But Tony’s fame is secure for now (he was featured on the cover of this magazine in December 2011), as is that of The Rolling Stones (average age 71) and The Beatles, (average age 73). It’s no accident that on our ZoomerRadio station AM 740 (am740.ca), only two artists have weekly shows devoted entirely to them – Frank Sinatra and Elvis Presley (I’ve started another, The Leonard Show, which airs Saturdays at 4:30 p.m. EST). The reason is that these artists rose to prominence when distribution was more limited, and media attention was more focused; which meant they had more time to incubate as Stars. For instance, from 1963 to 1973, The Beatles had a top-five song on the charts for every one of those years, and The Rolling Stones did it six times over that period. By the end of their 10-year runs, both groups had essentially become institutions, “famous for being famous” to use British journalist Malcolm Muggeridge’s phrase. By contrast, from 2003 to 2013, the artist with the most top five hits was Beyoncé, and she only did it three times. Long-time music critic Peter Goddard thinks she may be one of the few contemporary artists who will resonate in 50 years the way that Bennett and Cohen do today: “Beyoncé is going to be around because she’s going to fill the Grande Dame niche and be the next Diana Ross. And maybe somebody like Madonna, who is culturally important because of what she said about the female approach to sex. The day of the ’60s and ’70s musicians who became enshrined as huge icons can never happen again. We had a limited crowd of potential stars, and the hit parades and Top 10s told us who was important. Nowadays, you have 45 different top 10s and an outrageous amount of democratic interaction. I lament that that simpler time is gone.”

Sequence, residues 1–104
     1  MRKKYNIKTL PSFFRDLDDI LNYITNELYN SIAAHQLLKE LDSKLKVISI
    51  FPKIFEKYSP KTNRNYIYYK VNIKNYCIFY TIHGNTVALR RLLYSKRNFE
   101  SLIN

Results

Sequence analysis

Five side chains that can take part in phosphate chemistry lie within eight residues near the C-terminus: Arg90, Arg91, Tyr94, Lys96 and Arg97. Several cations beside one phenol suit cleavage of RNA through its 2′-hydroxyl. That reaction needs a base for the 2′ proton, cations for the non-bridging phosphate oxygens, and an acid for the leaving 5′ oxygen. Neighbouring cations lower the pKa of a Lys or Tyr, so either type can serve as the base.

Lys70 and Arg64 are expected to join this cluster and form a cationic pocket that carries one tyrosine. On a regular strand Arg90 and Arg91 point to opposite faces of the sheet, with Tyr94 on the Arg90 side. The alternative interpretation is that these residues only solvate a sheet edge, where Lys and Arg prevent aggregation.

But even as he said this, Beyoncé’s supremacy was being challenged by Taylor Swift.